The term you may also try is "cozy" triangle or cozy interests.
Clearly the classic example -- if not fully referred to as such -- is the old Nuclear Regulatory Commission (then named Atomic Energy Commission before Jimmy Carter's Presidency) and the Joint Committee on Atomic Energy (Congressional oversight) and the lobbyists for Westinghouse, General Electric, Bechtel, etc and those companies who had an interest in nuclear generated electricity.
Under the Eisenhower Administration AEC Commissioner, Louis Staws, was able to promote nuclear energy as an electrical power source (energy too cheap to meter) and get the Price-Anderson Act passed limiting liability of Corporations who owned nuclear generating facilities.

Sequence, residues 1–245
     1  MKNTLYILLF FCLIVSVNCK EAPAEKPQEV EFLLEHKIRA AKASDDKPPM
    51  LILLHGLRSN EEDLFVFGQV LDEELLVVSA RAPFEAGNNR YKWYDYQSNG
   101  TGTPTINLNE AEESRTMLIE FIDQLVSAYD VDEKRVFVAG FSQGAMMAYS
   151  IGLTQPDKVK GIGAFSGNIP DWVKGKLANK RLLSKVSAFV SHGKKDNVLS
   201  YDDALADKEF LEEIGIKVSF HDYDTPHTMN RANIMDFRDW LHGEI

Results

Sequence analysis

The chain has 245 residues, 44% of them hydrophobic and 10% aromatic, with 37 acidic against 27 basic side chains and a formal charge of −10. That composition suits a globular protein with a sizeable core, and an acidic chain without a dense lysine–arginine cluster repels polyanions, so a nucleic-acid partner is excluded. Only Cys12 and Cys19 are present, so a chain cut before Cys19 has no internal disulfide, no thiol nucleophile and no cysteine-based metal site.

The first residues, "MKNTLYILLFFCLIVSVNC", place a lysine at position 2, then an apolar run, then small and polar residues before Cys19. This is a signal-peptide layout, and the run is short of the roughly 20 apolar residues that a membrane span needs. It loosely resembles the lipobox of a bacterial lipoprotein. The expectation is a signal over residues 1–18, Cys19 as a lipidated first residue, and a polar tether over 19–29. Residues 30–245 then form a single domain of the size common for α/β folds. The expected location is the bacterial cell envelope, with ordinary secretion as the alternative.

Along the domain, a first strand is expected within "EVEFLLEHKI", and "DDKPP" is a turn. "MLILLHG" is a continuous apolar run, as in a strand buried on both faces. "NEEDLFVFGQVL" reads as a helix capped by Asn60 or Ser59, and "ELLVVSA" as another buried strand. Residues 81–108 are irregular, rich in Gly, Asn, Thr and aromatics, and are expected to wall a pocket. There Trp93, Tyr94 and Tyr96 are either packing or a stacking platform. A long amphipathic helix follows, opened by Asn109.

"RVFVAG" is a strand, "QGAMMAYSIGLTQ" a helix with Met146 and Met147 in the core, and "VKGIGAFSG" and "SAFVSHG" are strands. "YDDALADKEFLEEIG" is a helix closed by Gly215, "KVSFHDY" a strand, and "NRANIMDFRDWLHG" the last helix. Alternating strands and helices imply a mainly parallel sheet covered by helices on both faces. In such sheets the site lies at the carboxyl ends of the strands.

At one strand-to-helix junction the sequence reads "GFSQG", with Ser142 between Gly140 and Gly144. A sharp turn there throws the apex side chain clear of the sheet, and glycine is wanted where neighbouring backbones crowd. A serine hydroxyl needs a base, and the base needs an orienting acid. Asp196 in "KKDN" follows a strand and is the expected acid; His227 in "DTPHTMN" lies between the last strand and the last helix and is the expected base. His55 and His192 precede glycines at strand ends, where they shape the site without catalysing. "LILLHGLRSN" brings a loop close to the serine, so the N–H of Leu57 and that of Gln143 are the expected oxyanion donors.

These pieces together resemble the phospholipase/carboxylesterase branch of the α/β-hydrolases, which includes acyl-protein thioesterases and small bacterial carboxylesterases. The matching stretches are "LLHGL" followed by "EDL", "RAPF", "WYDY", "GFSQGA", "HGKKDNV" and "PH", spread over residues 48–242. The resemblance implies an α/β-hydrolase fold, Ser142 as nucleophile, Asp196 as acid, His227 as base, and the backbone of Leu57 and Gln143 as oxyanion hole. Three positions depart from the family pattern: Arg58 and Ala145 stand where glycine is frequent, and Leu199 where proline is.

There are countless examples of the "iron triangle." It may be attributed to Walter Lippman ( a journalist and writer in the 20s to 50s).
William Greider's Who Will Tell the People has lots of examples in it (pp. 60 -78 for example), but no footnote on it or even use of the terminology in the index, to my recollection.
Garrett Hardin refers to it as the "quis custodiet" problem of who oversees those to monitor the public good?
Filters Against Folly or Living Within Limits.
Jeremy Legget in The Carbon Wars shows how pervasive it is in foreign policy (climate treaty implementation). But you may have to look at John Kenneth Galbraith's books for a good bibliography.
The late Joseph M. Petulla discussed it in his books on American Environmental Policy. But these are just examples of how it works and not books dedictated to explorings its orginial use and application.
I learned about it years ago (1977-78) by a young Ph.D, Mike Lyons -- for whom I was a TA -- then at UCSB in the Politics department.
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